Farmers are aging, but newcomers continue to enter the field


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The average Virginia farmer is 58.5 years old, compared to 57.2 years in 2012, according to recently released findings of the 2017 U.S. Census of Agriculture.

That’s slightly younger than the national average age of a farmer, which is 59.4 years. And it continues the trend of the average age of farmers increasing over the past two decades.

A number of factors contribute to that trend, noted Tony Banks, a Virginia Farm Bureau Federationcommodity marketing specialist.

“The census asks who is the main farm owner. And often that’s the oldest member of the family,” Banks said. “So it may not capture a 40- or 30-year-old son or daughter who’s also helping run the farm. Often the parents are legally the farm owners, but the children call just as many shots as them.

“Plus, many family farms are also corporations, and so children who are in line to inherit are not captured by the census,” Banks explained. “And don’t forget that rural populations have skewed older than the average statewide population in Virginia and the U.S. for many years.”

While the age of farmers is increasing, the numbers of producers younger than 35 and those who have been farming less than 10 years are consistent with the 2012 census findings.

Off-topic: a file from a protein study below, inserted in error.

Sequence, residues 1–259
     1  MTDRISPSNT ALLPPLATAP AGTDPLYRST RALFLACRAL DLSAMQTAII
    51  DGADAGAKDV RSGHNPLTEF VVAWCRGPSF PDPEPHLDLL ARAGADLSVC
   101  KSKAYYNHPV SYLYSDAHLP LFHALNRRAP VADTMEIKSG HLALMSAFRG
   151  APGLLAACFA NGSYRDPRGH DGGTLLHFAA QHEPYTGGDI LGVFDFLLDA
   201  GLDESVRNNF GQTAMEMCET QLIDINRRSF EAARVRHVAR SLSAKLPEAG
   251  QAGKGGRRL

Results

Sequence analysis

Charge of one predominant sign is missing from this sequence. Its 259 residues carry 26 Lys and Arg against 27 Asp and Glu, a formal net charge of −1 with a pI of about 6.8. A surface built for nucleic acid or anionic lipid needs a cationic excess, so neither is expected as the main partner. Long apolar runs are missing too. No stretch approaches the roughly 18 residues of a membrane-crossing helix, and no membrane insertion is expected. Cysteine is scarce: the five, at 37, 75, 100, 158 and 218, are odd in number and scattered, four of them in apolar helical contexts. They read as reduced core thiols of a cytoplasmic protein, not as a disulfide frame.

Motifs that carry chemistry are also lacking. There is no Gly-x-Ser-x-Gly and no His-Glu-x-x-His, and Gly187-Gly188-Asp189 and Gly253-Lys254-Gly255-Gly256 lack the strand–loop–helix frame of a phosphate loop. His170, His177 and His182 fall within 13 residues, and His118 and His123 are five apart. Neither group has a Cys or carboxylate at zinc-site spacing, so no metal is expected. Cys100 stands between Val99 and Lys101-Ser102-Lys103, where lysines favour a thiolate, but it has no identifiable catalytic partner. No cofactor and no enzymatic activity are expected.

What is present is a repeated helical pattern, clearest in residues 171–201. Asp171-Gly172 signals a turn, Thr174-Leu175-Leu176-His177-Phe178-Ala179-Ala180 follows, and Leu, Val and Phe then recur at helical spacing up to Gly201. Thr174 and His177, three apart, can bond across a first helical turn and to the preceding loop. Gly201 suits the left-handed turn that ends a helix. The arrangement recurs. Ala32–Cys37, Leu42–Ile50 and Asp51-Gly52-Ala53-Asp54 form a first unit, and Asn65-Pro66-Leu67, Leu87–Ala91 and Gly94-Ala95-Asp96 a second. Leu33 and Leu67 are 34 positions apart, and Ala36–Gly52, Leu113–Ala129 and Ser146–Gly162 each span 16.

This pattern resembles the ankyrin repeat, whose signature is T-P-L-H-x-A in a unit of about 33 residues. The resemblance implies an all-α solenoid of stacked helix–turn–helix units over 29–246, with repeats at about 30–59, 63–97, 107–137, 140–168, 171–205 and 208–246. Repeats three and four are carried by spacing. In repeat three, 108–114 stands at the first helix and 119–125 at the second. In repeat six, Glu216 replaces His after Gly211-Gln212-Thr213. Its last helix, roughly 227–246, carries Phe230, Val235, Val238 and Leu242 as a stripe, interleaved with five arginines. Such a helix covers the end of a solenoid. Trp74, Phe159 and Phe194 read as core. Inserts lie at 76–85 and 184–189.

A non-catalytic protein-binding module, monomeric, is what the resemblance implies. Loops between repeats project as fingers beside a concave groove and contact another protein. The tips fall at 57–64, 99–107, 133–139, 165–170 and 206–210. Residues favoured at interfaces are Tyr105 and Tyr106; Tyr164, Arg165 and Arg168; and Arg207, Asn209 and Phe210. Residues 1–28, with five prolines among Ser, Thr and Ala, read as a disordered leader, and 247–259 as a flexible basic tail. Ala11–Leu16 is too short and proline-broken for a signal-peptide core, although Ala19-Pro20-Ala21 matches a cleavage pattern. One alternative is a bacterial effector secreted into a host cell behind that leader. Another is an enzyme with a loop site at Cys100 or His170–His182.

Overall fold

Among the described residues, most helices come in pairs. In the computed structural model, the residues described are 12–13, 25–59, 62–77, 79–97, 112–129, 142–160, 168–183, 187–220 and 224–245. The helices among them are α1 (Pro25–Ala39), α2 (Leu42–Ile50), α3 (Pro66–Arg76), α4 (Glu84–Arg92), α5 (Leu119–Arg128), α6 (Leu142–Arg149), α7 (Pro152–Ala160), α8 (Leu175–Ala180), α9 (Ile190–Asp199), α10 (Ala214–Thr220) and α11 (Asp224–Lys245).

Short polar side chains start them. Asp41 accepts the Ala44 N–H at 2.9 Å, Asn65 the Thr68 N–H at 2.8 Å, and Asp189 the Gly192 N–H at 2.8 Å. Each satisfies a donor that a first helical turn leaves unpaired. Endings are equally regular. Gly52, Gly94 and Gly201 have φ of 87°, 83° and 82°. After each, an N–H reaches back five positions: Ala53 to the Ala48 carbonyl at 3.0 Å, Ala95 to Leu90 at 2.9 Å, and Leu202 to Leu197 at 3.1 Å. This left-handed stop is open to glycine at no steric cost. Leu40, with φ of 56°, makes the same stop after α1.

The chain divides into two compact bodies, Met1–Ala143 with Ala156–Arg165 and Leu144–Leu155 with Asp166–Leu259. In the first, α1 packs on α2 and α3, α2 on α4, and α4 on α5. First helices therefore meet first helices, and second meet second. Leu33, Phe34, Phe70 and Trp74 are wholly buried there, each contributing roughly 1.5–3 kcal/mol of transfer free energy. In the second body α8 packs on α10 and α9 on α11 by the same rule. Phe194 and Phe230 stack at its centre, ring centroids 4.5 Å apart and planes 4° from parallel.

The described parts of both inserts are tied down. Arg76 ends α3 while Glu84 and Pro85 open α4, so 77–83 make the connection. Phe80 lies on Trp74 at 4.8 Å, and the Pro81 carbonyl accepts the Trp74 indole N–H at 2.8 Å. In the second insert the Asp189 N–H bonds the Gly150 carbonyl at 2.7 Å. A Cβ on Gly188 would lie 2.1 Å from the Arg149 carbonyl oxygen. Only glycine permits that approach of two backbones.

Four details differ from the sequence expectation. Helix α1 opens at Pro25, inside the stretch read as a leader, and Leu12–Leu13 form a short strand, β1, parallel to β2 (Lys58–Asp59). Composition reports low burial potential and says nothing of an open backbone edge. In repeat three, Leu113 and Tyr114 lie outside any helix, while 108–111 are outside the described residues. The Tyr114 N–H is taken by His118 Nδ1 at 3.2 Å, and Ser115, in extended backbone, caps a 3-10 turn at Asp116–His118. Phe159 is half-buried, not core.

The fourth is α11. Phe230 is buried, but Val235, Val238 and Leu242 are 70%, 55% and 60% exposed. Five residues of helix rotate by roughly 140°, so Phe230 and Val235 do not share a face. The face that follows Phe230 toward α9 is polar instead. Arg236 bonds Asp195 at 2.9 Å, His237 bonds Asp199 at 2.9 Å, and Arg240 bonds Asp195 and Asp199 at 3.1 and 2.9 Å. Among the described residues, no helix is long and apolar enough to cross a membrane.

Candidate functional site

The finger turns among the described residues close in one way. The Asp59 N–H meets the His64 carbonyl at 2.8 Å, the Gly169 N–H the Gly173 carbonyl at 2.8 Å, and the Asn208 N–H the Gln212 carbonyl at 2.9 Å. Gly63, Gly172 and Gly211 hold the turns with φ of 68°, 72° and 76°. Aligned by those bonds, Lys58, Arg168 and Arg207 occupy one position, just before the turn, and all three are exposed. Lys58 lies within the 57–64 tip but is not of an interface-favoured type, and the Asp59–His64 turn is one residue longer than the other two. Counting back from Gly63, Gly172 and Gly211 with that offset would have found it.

The number of young producers in 2017 was 5,996, which represents 8.5 percent of all farmers. That percentage didn’t change from 2012.

The number of new and beginning farmers was 18,957, or 27 percent of all Virginia farmers—about the same as five years ago.

That number may increase in the next census, because new farmers have help. The 2018 Farm Bill reauthorized financial support to a national network of Beginning Farmer and Rancher education programs.

In Virginia, that program is housed at Virginia Tech and Virginia State University, with several public and private partners like Farm Bureau. The curriculum offers advice, seminars and networking opportunities for those interested in an agriculture career.

“I think that has provided a way to educate more beginning farmers and address some of the issues they struggle with,” remarked Dr. Jewel Bronaugh, Virginia commissioner of agriculture and consumer services.

“Issues like ‘How am I going to get credit? How am I going to get some experience? How am I going to get access to land?’” she explained. “These programs connect would-be farmers with resources like the Farm Service Agency in terms of getting a farm loan, or commercial lenders. And they give them experience on how to actually farm if they don’t have that. So that makes it easier to venture into farming if you’ve not done that before.”

To learn more about the Virginia Beginning Farmer and Rancher Coalition,

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